June 16, 2003
Computerworld features the "completely automatic public Turing test to tell computers and humans apart" (CAPTCHA), a technology that fights robots on the Internet that gather personal information from chat rooms, illegally sell products, and blast spam from free email accounts. CMU started developing related research for Yahoo Inc. in 2000 and invented Gimpy, a CAPTCHA which "distorts and overlays words via clutter software." Yahoo uses E-Z Gimpy to distinguish humans from computers when they register. The article cites Manuel Blum, the Nelson Professor of Computer Science at Carnegie Mellon:
"The idea was to create a computer program that could distinguish bots from humans. The program would have to serve as a sentry, but it couldn't itself pass the very test it gives," said Blum.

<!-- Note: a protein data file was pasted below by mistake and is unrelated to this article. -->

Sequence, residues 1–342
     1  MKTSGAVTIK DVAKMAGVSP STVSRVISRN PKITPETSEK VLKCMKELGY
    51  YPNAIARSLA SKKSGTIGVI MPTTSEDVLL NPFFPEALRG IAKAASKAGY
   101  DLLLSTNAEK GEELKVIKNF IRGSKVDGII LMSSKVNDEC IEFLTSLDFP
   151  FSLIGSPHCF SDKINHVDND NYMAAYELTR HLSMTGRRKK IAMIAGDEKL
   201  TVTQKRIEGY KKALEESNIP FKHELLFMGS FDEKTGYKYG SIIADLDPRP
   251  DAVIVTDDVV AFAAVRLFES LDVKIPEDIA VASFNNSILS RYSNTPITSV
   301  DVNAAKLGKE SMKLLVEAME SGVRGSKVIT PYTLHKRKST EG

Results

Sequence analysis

CAPTCHA programs use databases of names, images, and other files to make and grade tests that people can easily solve, but computers have a hard time cracking. In fact, the machines aren't given the solutions to any of the puzzles, to prevent hackers from finding them.
A CAPTCHA may use words that are distorted by the computer, images overlapping with other images, or audio clips with background noise. Tests like CAPTCHA could lead to strides in the machine vision and AI fields, according to the report. (Source: Computerworld.)